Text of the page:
For most people, going to Greenland or to one of the poles would be a full on adventure in itself. But for modern explorer Alban Michon, this is only half of the thrill: the other half is under the water! We caught up with the ice-diving specialist – who recently published a new book – just before he embarked on a ship to Antarctica, where he is going to spend 15 days with a small group of people who want to see our world in a different way: living on a ship and diving under the ice!
Things to see under the sea!
All instagram clips are excerpts of the film Le Piège Blanc. Production: le cinquième rêve / Director Thierry Robert
So, tell us: why diving?
Alban Michon: I absolutely love the weightlessness, the sensations you get out of it. A lot in the oceans and the sea is yet to be discovered. Exploring them is the true adventure: we can learn so much from the life down there. As divers, we’re a bit like modern explorers. What I want to bring back is images to fascinate people, to make them dream. I want to pass on a message, to tell people: “Look how beautiful the world truly is. We have to preserve it!”
This is a polar plunge...
What surprises you the most under the ice?
The amazing amount of life you can find in a polar environment. It is very lively: there are cod, massive sharks, jellyfish, polar bears…
You actually encountered a polar bear??
Yes! While coming up from a dive, I saw a bear that was swimming above me. We ended up looking at each other in the eyes: it was such a strong feeling!!
Were you scared?
Not really, mostly hypnotized by the encounter, even though I know it is a massive predator. There was no aggressiveness: just curiosity. It’s amazing to have the chance to encounter such powerful animals. There’s an adrenaline rush for sure!
Check out the gallery below
Being often around the poles, do you see the impacts of climate change?
These impacts are real, and they touch me deeply. Ice affects everything and I want to bring people’s attention to it. You know, in 50 years, we are going to gain one degree, which doesn’t look like much. One day, I went for a dive, and the water was at -1.6. The ice was clear and crisp, very solid, beautiful. Then I came back at some point and the water was at -1.4, so 0.2 degrees warmer: the ice was yellow, seaweed was growing, and the ice was so soft we could put our hand through it. Can you imagine the impact of one degree if we can see such a difference with 0.2?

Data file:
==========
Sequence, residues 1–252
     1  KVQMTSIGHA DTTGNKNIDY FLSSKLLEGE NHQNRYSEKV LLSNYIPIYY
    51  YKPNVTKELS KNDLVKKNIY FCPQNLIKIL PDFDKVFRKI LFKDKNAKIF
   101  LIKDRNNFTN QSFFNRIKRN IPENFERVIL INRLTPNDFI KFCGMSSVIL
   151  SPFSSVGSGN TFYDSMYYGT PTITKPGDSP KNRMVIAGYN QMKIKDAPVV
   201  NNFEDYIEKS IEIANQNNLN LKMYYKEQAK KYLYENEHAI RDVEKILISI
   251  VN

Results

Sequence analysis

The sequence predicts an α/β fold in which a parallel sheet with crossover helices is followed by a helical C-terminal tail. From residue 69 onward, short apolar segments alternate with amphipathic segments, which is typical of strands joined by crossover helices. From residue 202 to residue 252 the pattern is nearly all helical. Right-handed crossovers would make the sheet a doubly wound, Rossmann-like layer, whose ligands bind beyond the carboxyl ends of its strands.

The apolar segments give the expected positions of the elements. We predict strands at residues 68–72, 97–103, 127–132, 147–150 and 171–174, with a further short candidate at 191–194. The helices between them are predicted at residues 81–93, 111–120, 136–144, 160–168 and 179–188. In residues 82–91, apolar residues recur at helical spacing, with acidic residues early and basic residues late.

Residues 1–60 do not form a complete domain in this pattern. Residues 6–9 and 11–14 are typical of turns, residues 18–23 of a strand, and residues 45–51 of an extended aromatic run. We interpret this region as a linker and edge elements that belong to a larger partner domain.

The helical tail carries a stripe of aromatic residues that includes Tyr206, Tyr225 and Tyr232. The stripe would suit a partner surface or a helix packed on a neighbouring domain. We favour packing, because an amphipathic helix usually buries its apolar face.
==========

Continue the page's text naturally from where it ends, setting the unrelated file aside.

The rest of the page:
What are the dangers of diving under the ice?
It’s relatively safe, but it’s still an activity in a relatively hostile environment. The gear can freeze, slabs of ice can fall at any time… but I still feel safer under the ice than on the highway!
Best thing about what you do?
The vibe: all the lights and amazing colours. The skies lit with Northern lights are just amazing. The ice is so powerful: it rules climate. It can look insignificant, but it is strong and powerful. It can crush you, it can crush ships and boats… For me, ice is alive. I’m enthralled.
The cold, of course. When your hands and feet start to freeze, that’s the toughest.
What does a normal expedition day look like?
We get up, we prepare and eat our breakfast. We eat a lot throughout the day: we need a good 5,500 kCal per day! Then we get ready, plan the day’s route and get in our kayaks. We navigate, stop to check the weather and eat a lot and very regularly. We’re really tired at night, but we have to dry up and change. Some days, we don’t navigate, we dive instead. We note everything in a diary, and eat again, then go to bed.
It must not be very comfortable to put back on cold, wet equipment?
Yeah, but… is happiness always in comfort?
Alban Michon just released a book, called Glaceo, about his 51 days expedition in Greenland. Check it out here.